Ashby’s Law and “Phase Four Souvlaki”

When I lived on Capitol Hill forty years ago, another odd-ball from the Marine Corps Reserve, Larry Feldman, and I frequented a certain Greek restaurant for souvlaki. Sometimes we had other things, but the souvlaki was great.

During the Nixon Administration, inflation got out of hand, and the President imposed Wage and Price Controls (always capitalized!). A 90 day freeze somehow became a thousand days of monkeying with wages and prices, known as Phases One through Four. Wikipedia will tell you more than you want to know, including: “The controls helped Nixon to re-election, but afterwards were seen to be a total failure; meat disappeared from grocery store shelves and Americans protested wage controls that didn’t match up to inflation.” And, “In these phases, the controls were applied almost entirely to the biggest corporations and labor unions, which were seen as having price-setting power. However, 93% of requested price increases were granted and seen as necessary to meet costs.”

My friend Larry and I had a phrase that captured the absurdity of Wage and Price Controls, at least as imposed by Nixon. We talked about “Phase Four Souvlaki,” which had gotten smaller and smaller. It will come as no surprise to you to learn that as prices for meat and sour cream went up, the size of the souvlaki serving went down, since its price was “frozen” by the wage and price controls. Duh!

I learned later that this is not only a lesson in feedback loops at the wholesale and retail levels, but also a great example of Ashby’s Law of Requisite Variety!
The government simply had no chance of enforcing its wage and price controls! How many inspectors do you think it would have taken to weigh portions at all the restaurants across America each day? You can’t get there from here.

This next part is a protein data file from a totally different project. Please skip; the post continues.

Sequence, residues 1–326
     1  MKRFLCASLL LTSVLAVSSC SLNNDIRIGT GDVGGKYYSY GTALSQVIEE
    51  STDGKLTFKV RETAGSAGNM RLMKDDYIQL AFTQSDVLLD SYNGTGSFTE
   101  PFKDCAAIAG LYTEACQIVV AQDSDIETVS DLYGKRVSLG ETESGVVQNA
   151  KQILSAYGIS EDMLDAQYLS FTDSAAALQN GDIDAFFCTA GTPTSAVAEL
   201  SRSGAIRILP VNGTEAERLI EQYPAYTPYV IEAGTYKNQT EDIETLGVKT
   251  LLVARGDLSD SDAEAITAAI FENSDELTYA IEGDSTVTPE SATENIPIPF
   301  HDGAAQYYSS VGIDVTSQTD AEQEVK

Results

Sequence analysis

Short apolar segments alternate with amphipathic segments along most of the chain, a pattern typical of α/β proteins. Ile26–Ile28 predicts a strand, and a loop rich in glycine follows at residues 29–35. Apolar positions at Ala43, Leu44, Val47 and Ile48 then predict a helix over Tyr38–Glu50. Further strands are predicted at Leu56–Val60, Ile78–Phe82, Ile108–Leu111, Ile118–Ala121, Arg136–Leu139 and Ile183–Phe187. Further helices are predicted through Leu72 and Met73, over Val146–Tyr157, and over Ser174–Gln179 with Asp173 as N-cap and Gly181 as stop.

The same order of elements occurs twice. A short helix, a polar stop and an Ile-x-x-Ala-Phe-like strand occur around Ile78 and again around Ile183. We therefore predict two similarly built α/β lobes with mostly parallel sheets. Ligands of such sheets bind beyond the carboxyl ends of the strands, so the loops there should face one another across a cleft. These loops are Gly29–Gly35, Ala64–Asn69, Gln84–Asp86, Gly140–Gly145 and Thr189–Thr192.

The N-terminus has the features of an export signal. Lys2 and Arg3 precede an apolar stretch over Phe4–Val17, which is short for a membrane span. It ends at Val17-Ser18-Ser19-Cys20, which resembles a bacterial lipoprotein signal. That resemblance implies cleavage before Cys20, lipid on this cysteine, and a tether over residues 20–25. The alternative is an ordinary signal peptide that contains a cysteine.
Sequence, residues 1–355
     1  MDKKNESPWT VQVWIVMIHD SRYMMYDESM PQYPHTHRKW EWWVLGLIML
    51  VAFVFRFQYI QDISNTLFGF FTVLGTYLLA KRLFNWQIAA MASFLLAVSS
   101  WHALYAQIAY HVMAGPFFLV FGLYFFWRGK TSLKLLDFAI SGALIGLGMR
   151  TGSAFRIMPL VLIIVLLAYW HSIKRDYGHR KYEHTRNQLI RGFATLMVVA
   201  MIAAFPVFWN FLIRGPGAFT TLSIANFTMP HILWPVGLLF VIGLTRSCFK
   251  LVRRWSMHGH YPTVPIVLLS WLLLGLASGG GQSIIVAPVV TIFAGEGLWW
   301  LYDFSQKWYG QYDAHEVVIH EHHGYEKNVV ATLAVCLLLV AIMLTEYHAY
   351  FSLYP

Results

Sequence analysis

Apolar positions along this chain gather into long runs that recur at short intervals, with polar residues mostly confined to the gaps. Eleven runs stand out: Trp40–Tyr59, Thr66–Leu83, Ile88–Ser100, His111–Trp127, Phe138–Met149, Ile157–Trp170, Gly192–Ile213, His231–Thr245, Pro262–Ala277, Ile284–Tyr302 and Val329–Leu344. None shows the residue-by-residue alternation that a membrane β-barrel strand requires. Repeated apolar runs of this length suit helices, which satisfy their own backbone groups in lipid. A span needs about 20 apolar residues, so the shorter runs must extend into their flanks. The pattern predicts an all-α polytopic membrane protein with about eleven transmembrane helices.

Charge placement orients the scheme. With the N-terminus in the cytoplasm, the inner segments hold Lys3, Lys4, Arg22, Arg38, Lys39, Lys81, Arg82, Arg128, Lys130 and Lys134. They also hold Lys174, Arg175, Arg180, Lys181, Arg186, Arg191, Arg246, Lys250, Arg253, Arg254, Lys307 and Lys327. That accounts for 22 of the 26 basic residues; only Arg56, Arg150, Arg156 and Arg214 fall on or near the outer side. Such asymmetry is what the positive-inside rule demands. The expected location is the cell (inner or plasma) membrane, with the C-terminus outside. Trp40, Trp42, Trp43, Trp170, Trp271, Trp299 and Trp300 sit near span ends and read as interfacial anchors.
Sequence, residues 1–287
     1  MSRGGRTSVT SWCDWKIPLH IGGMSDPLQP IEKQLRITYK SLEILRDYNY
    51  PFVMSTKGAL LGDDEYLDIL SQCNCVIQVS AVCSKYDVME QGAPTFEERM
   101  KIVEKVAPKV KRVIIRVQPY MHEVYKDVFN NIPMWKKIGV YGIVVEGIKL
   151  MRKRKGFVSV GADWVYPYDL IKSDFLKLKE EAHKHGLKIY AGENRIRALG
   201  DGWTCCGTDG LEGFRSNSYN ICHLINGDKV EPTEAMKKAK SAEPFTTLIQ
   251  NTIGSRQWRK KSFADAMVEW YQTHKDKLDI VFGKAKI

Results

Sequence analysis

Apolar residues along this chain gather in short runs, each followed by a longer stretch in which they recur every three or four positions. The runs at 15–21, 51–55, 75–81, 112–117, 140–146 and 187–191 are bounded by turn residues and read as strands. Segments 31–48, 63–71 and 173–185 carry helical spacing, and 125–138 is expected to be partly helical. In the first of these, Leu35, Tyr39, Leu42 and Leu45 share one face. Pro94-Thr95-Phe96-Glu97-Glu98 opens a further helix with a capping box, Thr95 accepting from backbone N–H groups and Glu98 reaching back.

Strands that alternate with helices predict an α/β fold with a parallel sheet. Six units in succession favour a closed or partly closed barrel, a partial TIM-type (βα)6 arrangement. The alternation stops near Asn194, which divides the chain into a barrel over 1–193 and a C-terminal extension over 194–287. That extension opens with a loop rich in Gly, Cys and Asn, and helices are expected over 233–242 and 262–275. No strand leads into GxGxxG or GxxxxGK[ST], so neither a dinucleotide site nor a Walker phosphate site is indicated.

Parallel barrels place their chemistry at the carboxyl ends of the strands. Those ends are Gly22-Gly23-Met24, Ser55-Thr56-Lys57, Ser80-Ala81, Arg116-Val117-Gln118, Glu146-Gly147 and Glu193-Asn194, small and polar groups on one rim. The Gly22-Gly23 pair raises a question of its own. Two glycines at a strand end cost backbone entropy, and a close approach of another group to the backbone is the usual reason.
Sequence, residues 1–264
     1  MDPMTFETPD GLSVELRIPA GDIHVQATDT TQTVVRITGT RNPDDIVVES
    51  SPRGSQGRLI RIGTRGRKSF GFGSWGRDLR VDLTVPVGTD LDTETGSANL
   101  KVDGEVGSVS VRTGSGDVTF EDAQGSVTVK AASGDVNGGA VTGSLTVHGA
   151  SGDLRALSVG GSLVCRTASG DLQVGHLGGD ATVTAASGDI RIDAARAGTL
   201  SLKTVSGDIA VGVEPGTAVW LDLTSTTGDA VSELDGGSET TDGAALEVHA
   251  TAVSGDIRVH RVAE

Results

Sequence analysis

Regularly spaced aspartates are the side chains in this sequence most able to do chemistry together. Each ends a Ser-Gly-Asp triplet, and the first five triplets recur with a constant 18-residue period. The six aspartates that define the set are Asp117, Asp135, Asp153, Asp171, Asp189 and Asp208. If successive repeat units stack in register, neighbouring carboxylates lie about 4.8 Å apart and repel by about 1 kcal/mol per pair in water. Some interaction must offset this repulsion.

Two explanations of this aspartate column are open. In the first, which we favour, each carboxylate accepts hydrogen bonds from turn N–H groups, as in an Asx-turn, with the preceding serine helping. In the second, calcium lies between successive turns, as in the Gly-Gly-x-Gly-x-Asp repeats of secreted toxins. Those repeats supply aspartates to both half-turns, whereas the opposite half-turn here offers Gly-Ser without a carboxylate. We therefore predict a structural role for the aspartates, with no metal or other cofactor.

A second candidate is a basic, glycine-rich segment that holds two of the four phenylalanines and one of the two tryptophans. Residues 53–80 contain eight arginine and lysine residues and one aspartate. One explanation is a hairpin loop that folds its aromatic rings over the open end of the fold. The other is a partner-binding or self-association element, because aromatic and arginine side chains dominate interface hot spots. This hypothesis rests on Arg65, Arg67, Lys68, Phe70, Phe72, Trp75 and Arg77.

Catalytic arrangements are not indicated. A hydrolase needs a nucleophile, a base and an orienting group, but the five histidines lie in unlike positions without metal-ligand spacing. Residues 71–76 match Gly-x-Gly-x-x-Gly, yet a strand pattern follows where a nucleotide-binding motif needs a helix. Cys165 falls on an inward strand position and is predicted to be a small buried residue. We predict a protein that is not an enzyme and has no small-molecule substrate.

Wage and Price Controls haven’t been tried across the United States since then, but I’ve no idea whether they’ve been forgotten or whether someone somewhere learned about Ashby’s Law.

Even though Ross Ashby was still in school when Prohibition in the United States ended, some observers of Prohibition (always capitalized) have observed the “Ashby’s Law” problem.

As noted in Wikipedia, “A total of 1,520 Federal Prohibition agents (police) were given the task of enforcing the law.” And also, “Many of Chicago’s most notorious gangsters, including Al Capone and his enemy Bugs Moran, made millions of dollars through illegal alcohol sales. By the end of the decade Capone controlled all 10,000 speakeasies in Chicago and ruled the bootlegging business from Canada to Florida.”

Fifteen hundred agents? Ten thousand speakeasies in Chicago alone? Gimme a break!

Oh, and did I mention “unintended consequences?” As John D. Rockefeller, Jr., said, “When Prohibition was introduced, I hoped that it would be widely supported by public opinion and the day would soon come when the evil effects of alcohol would be recognized. I have slowly and reluctantly come to believe that this has not been the result. Instead, drinking has generally increased; the speakeasy has replaced the saloon; a vast army of lawbreakers has appeared; many of our best citizens have openly ignored Prohibition; respect for the law has been greatly lessened; and crime has increased to a level never seen before.”

Are there lessons here for those that decide how governments tackle problems? That is, the designers of government?

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